Todd Whitehead, PHD

Chemicals in Consumer Products: Exposure Science at the Forefront of Regulation

Dr. Whitehead was honored by the Collaborative on Health and the Environment as one of 20 Pioneers Under 40 in Environmental Public Health. The 20 pioneers were given an opportunity to share their work in a series of webinars. In his talk, Dr. Whitehead discussed how CIRCLE research empowers regulators to affect policy changes for safer chemical use. CIRCLE investigators have worked to reveal the “links in the chain” connecting consumer products, environmental contamination, human exposure, and adverse health effects for children. Using a variety of exposure science tools – including environmental forensic microscopy, vacuum-cleaner dust sampling, and biological monitoring – CIRCLE is helping to fill data gaps for regulators. This webinar highlighted some of the work CIRCLE is doing to assess human exposure to legacy and emerging flame retardants used in consumer products.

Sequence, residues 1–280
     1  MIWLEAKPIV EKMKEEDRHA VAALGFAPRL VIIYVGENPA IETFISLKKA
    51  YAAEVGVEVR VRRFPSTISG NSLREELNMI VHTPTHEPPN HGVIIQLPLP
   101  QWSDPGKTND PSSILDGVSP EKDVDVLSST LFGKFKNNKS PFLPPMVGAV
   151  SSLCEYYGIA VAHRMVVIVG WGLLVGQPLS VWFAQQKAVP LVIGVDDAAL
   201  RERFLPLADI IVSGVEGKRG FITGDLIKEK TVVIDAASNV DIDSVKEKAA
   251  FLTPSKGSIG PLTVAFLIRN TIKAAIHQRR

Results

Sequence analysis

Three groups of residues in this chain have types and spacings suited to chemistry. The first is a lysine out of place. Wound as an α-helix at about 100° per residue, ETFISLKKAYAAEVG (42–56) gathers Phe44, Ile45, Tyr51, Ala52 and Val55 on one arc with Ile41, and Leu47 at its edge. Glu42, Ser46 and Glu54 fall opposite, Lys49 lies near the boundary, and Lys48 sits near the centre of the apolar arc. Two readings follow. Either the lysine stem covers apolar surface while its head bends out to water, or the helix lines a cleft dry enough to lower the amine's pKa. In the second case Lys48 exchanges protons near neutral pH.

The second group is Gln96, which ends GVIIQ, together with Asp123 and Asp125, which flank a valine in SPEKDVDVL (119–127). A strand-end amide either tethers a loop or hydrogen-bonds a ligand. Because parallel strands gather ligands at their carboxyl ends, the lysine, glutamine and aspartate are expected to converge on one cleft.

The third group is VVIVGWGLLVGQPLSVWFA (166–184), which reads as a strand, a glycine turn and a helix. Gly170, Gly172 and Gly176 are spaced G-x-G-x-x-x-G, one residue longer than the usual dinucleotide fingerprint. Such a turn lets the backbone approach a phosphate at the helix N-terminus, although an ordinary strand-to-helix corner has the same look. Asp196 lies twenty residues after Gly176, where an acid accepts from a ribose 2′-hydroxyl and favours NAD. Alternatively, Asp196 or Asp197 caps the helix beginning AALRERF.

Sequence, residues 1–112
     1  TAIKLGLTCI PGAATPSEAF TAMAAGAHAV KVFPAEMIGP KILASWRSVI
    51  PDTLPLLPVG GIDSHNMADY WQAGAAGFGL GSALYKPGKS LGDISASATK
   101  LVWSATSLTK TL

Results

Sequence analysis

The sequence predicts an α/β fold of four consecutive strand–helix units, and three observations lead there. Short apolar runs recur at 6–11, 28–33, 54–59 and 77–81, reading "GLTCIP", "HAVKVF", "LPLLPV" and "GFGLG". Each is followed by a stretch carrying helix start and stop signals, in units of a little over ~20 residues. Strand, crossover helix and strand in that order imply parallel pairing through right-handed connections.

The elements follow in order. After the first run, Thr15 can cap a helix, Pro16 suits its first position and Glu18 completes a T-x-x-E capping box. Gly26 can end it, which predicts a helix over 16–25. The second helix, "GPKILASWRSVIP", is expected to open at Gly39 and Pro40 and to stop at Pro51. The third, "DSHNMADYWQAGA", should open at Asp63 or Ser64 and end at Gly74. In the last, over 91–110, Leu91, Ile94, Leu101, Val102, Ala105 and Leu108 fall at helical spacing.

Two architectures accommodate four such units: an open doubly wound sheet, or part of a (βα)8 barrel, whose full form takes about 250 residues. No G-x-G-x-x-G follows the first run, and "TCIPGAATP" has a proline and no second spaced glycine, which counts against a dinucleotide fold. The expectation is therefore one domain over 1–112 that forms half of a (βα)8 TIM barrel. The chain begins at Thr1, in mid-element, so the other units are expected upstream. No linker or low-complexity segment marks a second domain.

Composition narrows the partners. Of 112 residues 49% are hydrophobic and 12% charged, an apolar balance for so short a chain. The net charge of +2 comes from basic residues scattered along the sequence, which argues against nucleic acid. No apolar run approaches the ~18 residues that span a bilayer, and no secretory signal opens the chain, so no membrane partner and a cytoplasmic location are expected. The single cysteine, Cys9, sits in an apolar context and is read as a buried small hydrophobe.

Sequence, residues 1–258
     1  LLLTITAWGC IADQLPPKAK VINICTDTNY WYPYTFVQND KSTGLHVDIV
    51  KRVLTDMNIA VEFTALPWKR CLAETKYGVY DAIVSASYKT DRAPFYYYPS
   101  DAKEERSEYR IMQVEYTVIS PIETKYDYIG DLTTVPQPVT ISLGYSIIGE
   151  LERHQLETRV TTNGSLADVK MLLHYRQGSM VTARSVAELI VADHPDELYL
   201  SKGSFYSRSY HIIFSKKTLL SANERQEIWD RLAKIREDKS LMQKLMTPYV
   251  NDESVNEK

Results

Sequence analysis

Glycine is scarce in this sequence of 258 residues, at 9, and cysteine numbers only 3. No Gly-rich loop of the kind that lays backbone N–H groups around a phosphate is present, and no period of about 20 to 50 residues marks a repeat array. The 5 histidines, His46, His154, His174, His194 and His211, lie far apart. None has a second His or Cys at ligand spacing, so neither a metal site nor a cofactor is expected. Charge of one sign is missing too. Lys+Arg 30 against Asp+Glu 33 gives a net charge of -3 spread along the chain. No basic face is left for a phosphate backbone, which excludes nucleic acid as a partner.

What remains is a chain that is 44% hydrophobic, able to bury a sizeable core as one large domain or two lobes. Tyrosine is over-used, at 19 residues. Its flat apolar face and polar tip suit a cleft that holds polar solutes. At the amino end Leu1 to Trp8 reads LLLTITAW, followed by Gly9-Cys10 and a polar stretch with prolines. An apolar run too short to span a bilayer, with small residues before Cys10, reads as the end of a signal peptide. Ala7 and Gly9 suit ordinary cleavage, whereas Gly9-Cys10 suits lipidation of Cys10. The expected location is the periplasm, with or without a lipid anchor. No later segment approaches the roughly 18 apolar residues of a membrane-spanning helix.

The earlier portion of the video features Dr. Simona Andreea Bălan, a Senior Environmental Scientist at California’s Department of Toxic Substances Control.

Catherine Metayer, M.D., Ph.D.

Use of Chemicals at Home and Risk of Childhood Leukemia

Dr. Metayer discusses chemical risk factors for childhood leukemia. She indicates that use of pesticides in the home, particularly during the prenatal period, may increase risk of childhood leukemia. She indicates that use of paint in the home after pregnancy may increase risk of childhood leukemia. The introduction is by Dr. Melanie Marty of the Office of Environmental Health Hazard Assessment of Cal EPA.

Patricia Buffler, Ph.D.

Parents’ smoking increases risks of leukemia in their children

The late Dr. Buffler presents data from the California Childhood Leukemia Study showing that children whose parents smoked are more likely to develop leukemia in early childhood. Risks vary by the time period of smoking (preconception, prenatal, and early childhood), type and subtype of leukemia, and which parents smoked.